Even though demographics are slowly changing, they are relatively easy to predict and a powerful force. An examination of current trends shows that Japan looks unattractive for the long run. Interestingly though, some of the European countries most impacted by the sovereign debt crisis might also be reasonably well positioned, based on demographics.
Why Demographics Matter
Demographics matter a great deal for growth, and by extension, for asset pricing. Demographic trends also have the advantage of being far easier to predict than other economic factors. It is a fair bet that if you are 20 years old in 2012, you'll be 21 years old in 2013. At the country-wide level, given the law of large numbers, these forecasts can be relatively very accurate. Particularly when compared to the level of accuracy we achieve in many other areas of forecasting.
To give an indication of the significance of demographics: In 2010, world population growth was 1.1% and world GDP growth was 4.2%. So population growth can contribute in the region of 25% to GDP growth. Not completely deterministic, but a significant contributing factor, especially over the long run.
How Demographic Factors Work
Demographics impact an economy in many ways, but two of the main ones are:
The age structure of an economy has implications for its growth rate. A high ratio of those of working age relative to those who are not is positive for an economy. More people are economically productive and economic growth is higher as a result.
Growth in population, all else equal, contributes to GDP growth. This is basically saying if you have a larger population, your economy will be larger too. Population growth contributes to GDP growth.
Recent Paper In The Financial Analysts Journal
Robert Arnott and Denis Chaves of Research Affiliates recently published a working paper on demographics, which was subsequently published in the Financial Analysts' Journal, unfortunately there's no free access to the journal article unless you are a member of the CFA Institute, but the working paper is here, which has similar content.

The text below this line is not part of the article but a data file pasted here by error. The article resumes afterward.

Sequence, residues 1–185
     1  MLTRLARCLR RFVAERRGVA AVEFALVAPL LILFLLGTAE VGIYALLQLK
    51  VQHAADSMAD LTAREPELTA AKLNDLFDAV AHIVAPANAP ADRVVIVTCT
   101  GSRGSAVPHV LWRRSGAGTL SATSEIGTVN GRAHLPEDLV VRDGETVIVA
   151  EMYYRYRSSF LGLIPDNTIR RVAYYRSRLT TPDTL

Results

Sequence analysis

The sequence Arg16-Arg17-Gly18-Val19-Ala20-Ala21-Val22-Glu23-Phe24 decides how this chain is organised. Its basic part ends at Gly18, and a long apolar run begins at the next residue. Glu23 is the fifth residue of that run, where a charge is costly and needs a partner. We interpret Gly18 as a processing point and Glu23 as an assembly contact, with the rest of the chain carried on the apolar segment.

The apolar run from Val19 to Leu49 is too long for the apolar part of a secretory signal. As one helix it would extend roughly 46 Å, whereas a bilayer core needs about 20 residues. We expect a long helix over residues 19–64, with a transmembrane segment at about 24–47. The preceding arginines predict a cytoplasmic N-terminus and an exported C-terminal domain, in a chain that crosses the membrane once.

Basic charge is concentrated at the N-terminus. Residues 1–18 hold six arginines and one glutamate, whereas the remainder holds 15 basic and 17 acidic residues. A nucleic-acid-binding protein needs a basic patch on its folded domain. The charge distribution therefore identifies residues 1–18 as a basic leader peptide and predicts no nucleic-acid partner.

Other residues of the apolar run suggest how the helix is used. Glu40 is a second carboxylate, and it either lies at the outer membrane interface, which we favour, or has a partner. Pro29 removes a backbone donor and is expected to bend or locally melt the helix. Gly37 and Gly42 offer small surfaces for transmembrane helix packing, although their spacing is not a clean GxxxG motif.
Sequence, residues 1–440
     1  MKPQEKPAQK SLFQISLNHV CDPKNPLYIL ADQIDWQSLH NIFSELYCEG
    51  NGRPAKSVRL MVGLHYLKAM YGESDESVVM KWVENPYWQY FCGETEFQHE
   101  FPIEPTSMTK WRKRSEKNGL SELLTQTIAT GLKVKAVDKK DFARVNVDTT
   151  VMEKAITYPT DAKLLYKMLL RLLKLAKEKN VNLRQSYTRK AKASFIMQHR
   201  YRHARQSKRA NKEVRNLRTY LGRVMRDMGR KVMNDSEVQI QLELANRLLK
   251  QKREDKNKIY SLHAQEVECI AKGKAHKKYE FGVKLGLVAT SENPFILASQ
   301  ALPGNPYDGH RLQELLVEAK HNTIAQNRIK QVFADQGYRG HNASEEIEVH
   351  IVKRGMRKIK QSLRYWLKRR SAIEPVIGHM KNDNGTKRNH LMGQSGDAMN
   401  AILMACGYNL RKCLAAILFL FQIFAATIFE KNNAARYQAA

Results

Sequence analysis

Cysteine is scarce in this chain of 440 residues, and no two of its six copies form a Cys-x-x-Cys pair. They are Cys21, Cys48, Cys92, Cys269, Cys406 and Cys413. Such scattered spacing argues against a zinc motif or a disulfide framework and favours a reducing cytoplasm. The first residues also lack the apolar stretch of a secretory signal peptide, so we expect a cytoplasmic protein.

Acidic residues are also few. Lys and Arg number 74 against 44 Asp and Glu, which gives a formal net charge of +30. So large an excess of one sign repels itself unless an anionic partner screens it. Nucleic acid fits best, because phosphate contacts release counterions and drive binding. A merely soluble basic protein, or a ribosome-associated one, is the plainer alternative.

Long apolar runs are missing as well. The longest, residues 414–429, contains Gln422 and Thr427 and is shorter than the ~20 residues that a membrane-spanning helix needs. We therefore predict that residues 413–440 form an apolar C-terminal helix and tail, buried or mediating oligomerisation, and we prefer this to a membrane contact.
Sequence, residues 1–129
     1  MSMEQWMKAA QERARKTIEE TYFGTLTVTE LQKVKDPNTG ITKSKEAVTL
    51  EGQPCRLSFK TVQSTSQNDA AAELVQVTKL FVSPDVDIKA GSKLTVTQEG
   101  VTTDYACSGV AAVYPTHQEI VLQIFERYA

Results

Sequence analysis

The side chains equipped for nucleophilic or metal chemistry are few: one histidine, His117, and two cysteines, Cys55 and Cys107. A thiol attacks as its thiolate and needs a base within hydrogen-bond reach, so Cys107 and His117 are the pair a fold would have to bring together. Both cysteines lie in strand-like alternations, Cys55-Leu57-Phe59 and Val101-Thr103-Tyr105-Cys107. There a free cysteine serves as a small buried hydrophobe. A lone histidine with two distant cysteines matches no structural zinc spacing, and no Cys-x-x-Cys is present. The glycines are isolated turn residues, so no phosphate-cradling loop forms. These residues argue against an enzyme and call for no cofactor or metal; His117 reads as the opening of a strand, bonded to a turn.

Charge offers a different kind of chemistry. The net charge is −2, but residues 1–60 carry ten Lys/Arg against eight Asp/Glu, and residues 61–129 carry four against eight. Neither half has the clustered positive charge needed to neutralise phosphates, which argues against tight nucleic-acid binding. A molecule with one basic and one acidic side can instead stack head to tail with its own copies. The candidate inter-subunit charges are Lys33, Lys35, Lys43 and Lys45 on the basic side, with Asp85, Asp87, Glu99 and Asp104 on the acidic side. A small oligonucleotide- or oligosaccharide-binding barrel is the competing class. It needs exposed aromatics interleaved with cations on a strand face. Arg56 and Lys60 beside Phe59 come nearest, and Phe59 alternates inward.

Looking at demographics from 2011 to 2020, a few things are clear:
Weak outlook for Japan
From this perspective Japan is in trouble, the population is aging and the birth rate is low. However you slice demographic data, Japan is poorly positioned relative to most other countries. The implication is decline both for GDP and the bond and equity markets.
Middle East does well
The Middle East and Northern Africa does generally well on this analysis. But given less well developed bond and equity markets in these regions- at least for U.S. investors- this is difficult to implement.
An optimistic take on Europe
One outcome of demographic analysis is that some of the more troubled countries in Europe also tend to have a positive outlook from a demographic perspective. Ireland and Spain particularly are strong performers from a valuation perspective as we look forward to 2020.
Here are some of the figures for the countries, I have just mentioned, using the U.S. as a benchmark.
|Country||10 Year Bond Yield||Debt/GDP||Population Growth 2015-2020||Dependency Ratio (2010)*|
* dependency ratio = population under 15 or over 64 / population 15-64 x 100
Context - generally, population growth helps economic growth, so more is better. A low dependency ratio is better than a high one.
We can see that Japan is bad on all metrics. Population growth is negative and the dependency ratio is high. In addition, the debt burden is very high. Conversely, Spain and Ireland do very well on dependency ratios and Ireland particularly has strong population growth. For the U.S., things are bit more mixed. The dependency ratio is larger than ideal, but population growth is good.
This article doesn't examine the sovereign debt crisis in sufficient detail to merit a long position in Spain or Ireland, but the demographic factors in those countries mean the long-term outlook may be rosier than looking at debt issues alone would suggest. However, it does seem clear that Japan is an unattractive market on a 10 year view and exposure to stocks with heavy exposure to the Japanese economy should be avoided. For example, the Japanese ETF EWJ appears unattractive on this analysis, and specifically Japanese companies without a strong export focus. Alternatively, similar ETF exposure to Spain (EWP) and Ireland (EIRL) is worthy of further consideration. However, I hold back from a fully positive recommendation there, because macroeconomic issues beyond long-term demographics will drive those countries in the short term.